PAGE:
Transformational Education embraces the Gospel as a way of life—a way of thinking, a way of doing ethics, a way of making choices—so that it cannot be segregated out from any other part of life and/or be compartmentalized.
Transformational education is about bringing in the kingdom of God and assisting students to participate in it.
It embraces the Gospel as a way of life, a way of thinking, a way of doing ethics, a way of making choices, so that it cannot be segregated out from any other part of life and/or be compartmentalized.
Transformational education embraces and synchronizes the two biblical mandates: the Great Commission (Matthew 28) and the Cultural Mandate (Genesis 1). The Great Commission emphasizes the transformation of the individual soul, mind, heart, and body. The Cultural Mandate emphasizes the transformation of culture, society, technology, and all other human endeavors.
It works towards the transformation of all of life including culture, society, economics, and government. The principles and message of the Gospel are not confined to the pulpit or the seminary, but are carried to the court room, the Parliament session, the election, and the Board room.
It encourages, anticipates, and welcomes change and discovery. It understands the Gospel to be oppositional to the status quo and views changes and discoveries in science, medicine, and technology as fulfillments of the Cultural Mandate.
Transformational education is intrinsically optimistic. It views all things, institutions, and people to be under process, moving towards a final day when the ultimate conquest of Christ is concluded. When all is subjected under his feet, then the end shall come. Christians who understand the transformational power of the Gospel are optimistic agents in that transformation.
It has a unified view of life that does not deal in false dichotomies like “sacred” and “secular,” but sees actions, thoughts, and aspirations as being “right” and “wrong,” “godly” and “not godly,” “biblical” and “not biblical.”
It perceives all vocations, all pursuits, all endeavors as holy and godly activities when carried out by a person who has been transformed. All vocations, therefore, are priestly when carried out by Christian agents of transformation.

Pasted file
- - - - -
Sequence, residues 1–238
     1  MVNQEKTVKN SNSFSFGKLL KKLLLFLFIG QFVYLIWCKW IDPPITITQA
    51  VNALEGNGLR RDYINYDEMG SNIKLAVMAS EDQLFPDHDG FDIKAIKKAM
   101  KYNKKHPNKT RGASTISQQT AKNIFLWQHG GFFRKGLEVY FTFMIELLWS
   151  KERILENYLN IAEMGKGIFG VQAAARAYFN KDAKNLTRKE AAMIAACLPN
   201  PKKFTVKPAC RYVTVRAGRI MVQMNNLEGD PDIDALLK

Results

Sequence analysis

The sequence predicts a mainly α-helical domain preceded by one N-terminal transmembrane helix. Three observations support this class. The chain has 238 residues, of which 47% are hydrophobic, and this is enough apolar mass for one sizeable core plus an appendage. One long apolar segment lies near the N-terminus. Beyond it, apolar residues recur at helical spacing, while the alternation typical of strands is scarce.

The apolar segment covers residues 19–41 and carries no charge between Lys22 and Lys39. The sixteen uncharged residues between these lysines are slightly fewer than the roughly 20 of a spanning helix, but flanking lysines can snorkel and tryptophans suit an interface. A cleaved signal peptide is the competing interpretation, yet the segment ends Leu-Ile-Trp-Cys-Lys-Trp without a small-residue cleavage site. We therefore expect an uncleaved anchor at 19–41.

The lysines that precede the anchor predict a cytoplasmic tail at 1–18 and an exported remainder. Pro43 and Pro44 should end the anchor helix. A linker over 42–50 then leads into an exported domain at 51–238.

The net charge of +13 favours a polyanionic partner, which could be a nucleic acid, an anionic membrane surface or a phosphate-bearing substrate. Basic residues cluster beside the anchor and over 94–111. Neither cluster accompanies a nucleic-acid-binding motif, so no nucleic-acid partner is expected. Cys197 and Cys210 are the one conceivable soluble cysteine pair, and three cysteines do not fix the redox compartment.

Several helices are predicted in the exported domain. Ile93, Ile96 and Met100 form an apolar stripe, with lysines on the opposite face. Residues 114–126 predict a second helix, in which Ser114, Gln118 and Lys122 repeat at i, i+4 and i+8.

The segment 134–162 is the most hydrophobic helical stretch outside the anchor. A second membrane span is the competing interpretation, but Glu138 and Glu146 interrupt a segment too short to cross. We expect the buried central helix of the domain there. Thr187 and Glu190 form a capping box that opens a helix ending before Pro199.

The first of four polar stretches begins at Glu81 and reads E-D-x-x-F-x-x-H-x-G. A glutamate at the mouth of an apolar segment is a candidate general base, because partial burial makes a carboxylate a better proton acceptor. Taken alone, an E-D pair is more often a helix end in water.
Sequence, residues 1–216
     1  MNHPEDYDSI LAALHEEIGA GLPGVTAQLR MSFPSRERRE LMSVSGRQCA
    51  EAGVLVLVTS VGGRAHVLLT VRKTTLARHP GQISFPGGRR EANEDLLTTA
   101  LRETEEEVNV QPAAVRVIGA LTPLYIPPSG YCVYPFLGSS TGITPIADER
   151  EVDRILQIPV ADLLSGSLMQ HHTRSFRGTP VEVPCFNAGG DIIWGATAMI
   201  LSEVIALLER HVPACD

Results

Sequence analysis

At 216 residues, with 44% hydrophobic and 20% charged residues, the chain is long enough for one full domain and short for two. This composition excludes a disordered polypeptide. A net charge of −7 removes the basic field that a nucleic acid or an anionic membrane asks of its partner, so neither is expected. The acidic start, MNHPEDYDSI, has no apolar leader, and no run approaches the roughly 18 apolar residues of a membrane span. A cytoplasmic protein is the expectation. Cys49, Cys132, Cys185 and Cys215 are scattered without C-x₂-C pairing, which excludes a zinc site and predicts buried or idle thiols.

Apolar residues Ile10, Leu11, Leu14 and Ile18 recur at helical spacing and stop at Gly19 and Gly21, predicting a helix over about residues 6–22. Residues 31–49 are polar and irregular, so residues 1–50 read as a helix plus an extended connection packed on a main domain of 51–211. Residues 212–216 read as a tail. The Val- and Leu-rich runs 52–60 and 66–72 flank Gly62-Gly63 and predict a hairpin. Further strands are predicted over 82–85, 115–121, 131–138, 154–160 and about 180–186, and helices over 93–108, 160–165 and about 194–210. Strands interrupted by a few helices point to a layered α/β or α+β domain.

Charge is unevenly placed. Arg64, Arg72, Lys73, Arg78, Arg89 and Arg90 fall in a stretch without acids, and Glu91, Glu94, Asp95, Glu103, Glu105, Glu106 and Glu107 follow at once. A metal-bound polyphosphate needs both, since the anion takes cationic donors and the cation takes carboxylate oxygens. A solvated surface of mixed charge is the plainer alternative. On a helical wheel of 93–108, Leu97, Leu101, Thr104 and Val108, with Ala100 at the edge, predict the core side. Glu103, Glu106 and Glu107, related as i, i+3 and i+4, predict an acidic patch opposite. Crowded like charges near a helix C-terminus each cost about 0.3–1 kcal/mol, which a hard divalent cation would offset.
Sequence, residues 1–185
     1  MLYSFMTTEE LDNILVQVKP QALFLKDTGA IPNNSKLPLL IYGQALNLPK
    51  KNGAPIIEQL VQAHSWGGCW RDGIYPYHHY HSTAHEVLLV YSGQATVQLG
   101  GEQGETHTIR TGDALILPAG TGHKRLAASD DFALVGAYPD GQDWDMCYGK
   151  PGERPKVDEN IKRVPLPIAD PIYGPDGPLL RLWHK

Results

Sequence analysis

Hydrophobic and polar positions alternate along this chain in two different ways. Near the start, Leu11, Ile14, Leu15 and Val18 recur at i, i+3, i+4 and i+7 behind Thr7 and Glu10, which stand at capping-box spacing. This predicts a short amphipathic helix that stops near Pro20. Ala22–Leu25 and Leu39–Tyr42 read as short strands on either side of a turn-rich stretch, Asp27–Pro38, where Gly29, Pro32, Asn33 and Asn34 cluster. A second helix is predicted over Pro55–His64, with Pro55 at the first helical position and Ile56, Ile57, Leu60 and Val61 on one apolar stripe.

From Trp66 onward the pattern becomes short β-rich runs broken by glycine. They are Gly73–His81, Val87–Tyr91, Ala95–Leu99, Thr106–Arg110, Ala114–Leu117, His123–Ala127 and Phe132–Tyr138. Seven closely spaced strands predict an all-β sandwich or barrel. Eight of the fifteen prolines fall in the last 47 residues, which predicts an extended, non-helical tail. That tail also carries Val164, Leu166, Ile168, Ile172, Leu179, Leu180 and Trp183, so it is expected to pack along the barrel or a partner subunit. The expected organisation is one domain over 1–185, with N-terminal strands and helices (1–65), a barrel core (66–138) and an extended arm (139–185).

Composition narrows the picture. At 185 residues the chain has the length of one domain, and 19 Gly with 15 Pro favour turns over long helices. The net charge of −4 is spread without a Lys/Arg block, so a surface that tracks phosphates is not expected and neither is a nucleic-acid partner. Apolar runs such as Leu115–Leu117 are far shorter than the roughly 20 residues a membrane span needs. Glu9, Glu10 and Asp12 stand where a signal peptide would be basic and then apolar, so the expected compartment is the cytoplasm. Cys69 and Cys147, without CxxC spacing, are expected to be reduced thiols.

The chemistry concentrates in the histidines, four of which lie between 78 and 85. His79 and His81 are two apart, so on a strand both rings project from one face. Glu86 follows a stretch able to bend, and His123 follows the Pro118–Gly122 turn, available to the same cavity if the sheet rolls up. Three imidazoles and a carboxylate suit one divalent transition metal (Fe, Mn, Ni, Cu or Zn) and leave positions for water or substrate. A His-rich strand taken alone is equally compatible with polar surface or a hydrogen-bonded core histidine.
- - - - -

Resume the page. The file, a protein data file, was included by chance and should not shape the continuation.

Transformational education focuses on the future where current students will become effective agents of transformation as governors, presidents, legislators, parents, employees, and employers.
As practiced by our member schools, Transformational education is distinctive
Because transformational education is about bringing in the kingdom of God, it is characterized by diligence, godly optimism, the highest forms of professionalism and accountability, and receiving each child as a unique gift of God to be cherished, loved, and esteemed.
Schooling is one of the tools used by God to bring in his kingdom and to train his kingdom workers, generation after generation. Therefore, we embrace high standards of anticipated academic outcome and high standards of teaching. As educators, we are agents of transformation in the lives and minds of children.
As schools we stand apart from a somewhat prevalent version of Christian schooling that tends to glamorize the pulpit, the evangelist, and the missionary, and considers as “dirty” or “lesser” other areas, such as politics, economics, law, and government. The latter teaches a false dichotomy that speaks of “full time Christian ministry” and “lay people” and “secular” and “sacred.” This often results in a compartmentalization of the Gospel. Students educated in this fashion tend to live in two worlds with separate compartments, the world of devotion and worship, and the world of work and play.
American Christian fundamentalism of the 19th and 20th centuries tended to produce Christian schools that emphasized fulfilling the Great Commission but ignored the Cultural Mandate. Christian liberalism of the 19th and 20th centuries tended to produce Christian schools that emphasized fulfilling the Cultural Mandate but ignored the Great Commission. Our schools strive to be faithful to both of the biblical mandates.
We have an optimistic view of God and his kingdom. We do not present to students a view of life where evil is seen to be triumphing more and more and the saints being reduced in their importance and impact. We encourage students to see God and Christ as victors, whose victory has already been won, the ultimate, final display of this victory coming into view more and more, and that as Christians we are part of that victorious process. Hence, we pray, “your kingdom come, your will be done, on earth, as it is in heaven!”
Our schools ask continually for grace to avoid legalism which tends to externalize the Gospel by setting up certain standards of dress, appearance, and lists of do’s and don’ts and to equate these with godly morality. We understand all too well how students learn to “play the game” in such a system, and then to reject it when they leave the school, supposing this to be the Gospel.
We also ask continually for grace to avoid moralism, which tends to “teach a lesson” (usually of a negative nature and usually by “telling”) through every situation rather than to guide students through individual, Spirit-led decision making and choice selection, and practicing patience to allow students to learn by making poor choices. And yet, we teach and strive to live by the principles of Scripture and to follow the One who said, “If you love me, you will obey what I command.”